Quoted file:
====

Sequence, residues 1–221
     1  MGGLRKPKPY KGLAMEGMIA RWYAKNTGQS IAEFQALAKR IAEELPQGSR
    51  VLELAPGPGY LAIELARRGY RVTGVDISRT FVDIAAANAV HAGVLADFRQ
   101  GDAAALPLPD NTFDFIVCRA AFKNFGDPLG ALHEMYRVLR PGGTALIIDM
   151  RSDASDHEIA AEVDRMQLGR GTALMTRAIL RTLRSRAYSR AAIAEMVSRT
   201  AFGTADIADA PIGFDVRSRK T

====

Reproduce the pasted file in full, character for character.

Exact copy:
Sequence, residues 1–221
     1  MGGLRKPKPY KGLAMEGMIA RWYAKNTGQS IAEFQALAKR IAEELPQGSR
    51  VLELAPGPGY LAIELARRGY RVTGVDISRT FVDIAAANAV HAGVLADFRQ
   101  GDAAALPLPD NTFDFIVCRA AFKNFGDPLG ALHEMYRVLR PGGTALIIDM
   151  RSDASDHEIA AEVDRMQLGR GTALMTRAIL RTLRSRAYSR AAIAEMVSRT
   201  AFGTADIADA PIGFDVRSRK T